(Adds CEO, analyst comment)
Sept 18 (Reuters) - Cheerios cereal maker General Mills Inc missed analysts' estimates for quarterly sales and margins on Tuesday, hurt by higher input costs and lower demand for its snacks and yogurts in the United States.
The Minneapolis-based company's shares were down 8.7 percent in morning trading, leading a 2.7 percent decline in the S&P 500 Packaged Food & Meats index.
The packaged goods industry has been battling surging freight and commodities costs all year as railroads and truck fleets hike rates.
This hurt General Mills' first-quarter adjusted gross margin, which fell 160 basis points to 33.6 percent in the quarter. Margins were also weighed down by a charge related to the acquisition of Blue Buffalo Pet Products Inc. Analysts at J.P. Morgan called the results "less than ideal," saying the company's gross margin was far lower than expected.
General Mills, whose stock has lost more than a fifth in value this year, said some of the gross margin pressure would continue into the second quarter.
However, higher costs are helping General Mills and its competitors raise prices "a little bit," Chief Executive Officer Jeff Harmening said on a call to discuss earnings.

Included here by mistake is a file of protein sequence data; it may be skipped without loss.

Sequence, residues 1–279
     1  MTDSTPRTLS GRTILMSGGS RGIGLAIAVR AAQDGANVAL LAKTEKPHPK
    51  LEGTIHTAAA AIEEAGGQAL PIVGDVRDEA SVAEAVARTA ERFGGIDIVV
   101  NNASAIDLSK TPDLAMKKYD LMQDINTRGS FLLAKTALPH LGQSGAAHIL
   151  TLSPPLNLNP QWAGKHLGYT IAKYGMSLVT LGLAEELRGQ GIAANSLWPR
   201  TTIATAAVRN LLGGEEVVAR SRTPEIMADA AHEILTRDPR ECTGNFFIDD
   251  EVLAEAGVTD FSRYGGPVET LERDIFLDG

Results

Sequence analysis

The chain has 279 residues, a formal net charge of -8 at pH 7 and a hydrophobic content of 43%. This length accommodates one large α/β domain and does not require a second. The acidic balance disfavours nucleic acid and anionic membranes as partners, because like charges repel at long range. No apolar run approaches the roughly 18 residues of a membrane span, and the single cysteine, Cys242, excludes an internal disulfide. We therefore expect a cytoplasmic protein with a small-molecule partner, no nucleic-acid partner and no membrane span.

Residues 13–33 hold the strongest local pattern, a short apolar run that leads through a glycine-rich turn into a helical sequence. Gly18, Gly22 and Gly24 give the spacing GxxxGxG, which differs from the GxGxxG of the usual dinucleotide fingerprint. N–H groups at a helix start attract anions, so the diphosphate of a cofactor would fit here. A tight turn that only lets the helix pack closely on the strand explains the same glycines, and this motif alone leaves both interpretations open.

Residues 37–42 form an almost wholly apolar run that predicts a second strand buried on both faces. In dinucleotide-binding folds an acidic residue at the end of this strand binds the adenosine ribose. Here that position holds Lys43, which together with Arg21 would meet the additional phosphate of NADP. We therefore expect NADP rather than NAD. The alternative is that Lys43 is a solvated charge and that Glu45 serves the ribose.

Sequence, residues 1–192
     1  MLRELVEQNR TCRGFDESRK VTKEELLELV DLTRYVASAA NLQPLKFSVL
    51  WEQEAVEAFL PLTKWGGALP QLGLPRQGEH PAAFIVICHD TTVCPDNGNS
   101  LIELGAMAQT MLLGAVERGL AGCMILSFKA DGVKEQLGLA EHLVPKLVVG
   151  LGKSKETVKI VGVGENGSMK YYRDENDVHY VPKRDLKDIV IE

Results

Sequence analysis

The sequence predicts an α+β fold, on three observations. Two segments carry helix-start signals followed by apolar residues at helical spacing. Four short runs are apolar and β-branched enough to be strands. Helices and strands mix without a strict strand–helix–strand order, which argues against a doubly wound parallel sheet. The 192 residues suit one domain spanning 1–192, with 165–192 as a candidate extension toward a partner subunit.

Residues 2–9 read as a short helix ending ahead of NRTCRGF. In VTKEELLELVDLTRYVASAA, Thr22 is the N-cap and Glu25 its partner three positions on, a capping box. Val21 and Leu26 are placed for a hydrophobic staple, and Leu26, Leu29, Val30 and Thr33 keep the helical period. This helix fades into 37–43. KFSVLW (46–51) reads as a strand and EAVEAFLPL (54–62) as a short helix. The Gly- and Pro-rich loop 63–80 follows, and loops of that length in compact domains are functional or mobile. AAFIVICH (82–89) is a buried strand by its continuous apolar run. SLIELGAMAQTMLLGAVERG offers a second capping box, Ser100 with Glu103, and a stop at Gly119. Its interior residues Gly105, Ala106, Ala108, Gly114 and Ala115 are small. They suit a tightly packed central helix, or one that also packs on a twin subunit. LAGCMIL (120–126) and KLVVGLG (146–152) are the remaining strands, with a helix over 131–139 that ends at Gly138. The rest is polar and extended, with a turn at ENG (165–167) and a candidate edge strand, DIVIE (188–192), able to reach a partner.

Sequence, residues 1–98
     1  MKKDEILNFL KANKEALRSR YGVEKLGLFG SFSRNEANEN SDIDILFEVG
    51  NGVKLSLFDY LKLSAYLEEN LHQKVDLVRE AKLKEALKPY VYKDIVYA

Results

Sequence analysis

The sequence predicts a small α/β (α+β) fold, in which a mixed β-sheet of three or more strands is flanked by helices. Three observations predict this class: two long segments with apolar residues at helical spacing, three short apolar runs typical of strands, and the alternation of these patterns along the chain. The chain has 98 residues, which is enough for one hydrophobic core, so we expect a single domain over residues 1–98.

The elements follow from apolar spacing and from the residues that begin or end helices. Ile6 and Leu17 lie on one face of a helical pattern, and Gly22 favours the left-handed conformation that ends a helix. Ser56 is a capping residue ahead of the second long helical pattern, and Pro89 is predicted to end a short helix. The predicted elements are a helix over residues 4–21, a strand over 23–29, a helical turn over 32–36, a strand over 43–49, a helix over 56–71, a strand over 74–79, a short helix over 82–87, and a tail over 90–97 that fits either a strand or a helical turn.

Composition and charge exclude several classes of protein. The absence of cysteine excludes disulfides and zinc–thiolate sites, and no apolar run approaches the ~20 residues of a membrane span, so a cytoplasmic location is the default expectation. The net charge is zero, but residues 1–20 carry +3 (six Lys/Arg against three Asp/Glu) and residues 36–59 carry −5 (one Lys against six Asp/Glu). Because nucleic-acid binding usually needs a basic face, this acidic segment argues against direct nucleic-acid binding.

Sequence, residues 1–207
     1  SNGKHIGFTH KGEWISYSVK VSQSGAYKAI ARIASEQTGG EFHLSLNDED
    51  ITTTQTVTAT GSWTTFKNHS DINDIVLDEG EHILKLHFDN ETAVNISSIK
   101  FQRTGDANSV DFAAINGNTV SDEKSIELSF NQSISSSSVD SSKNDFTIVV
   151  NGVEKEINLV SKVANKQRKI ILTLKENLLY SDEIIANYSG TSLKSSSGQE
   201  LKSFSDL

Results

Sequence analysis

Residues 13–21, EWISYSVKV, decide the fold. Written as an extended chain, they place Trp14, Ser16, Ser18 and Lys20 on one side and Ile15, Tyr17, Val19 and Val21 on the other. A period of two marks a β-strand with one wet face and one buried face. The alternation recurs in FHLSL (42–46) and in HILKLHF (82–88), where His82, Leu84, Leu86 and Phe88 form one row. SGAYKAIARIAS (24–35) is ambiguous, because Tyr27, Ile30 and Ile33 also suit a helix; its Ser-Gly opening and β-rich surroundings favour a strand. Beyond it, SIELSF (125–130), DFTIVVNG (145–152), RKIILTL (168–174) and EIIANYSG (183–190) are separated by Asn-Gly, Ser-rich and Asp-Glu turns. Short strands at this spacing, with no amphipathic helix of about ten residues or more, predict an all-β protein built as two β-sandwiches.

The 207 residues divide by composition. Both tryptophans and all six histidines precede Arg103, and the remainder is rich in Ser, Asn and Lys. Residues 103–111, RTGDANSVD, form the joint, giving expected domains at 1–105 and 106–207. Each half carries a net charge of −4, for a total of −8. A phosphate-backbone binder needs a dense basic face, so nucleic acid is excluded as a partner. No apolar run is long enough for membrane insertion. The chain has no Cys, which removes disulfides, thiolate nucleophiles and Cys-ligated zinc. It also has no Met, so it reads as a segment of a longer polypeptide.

Rival cereal-maker Kellogg Co said last month that transportation costs were up strong double digits and that this would be the case for the foreseeable future.
General Mills, which also owns the Nature Valley cereal bar and Yoplait yogurt brands, said sales in its U.S. snacks unit fell 4 percent, while yogurt sales declined 2 percent.
"There was a bit of a step back in sales momentum so you're seeing some of the bears jump on that and wondering if things aren't progressing as well as we thought they were," Edward Jones analyst Brittany Weissman said. But the stock move is an overreaction as profit was a beat, she said.
Net income attributable to the company fell to $392.3 million, or 65 cents per share, in the quarter ended Aug. 26. Excluding items, the company earned 71 cents per share, beating the analyst estimate of 64 cents.
The company's net sales rose nearly 9 percent to $4.09 billion, boosted by its acquisition of pet food company Blue Buffalo, but missed analysts' estimates of $4.12 billion, according to Thomson Reuters I/B/E/S.
(Reporting by Aishwarya Venugopal in Bengaluru and Richa Naidu in Chicago; Editing by Shounak Dasgupta and Nick Zieminski)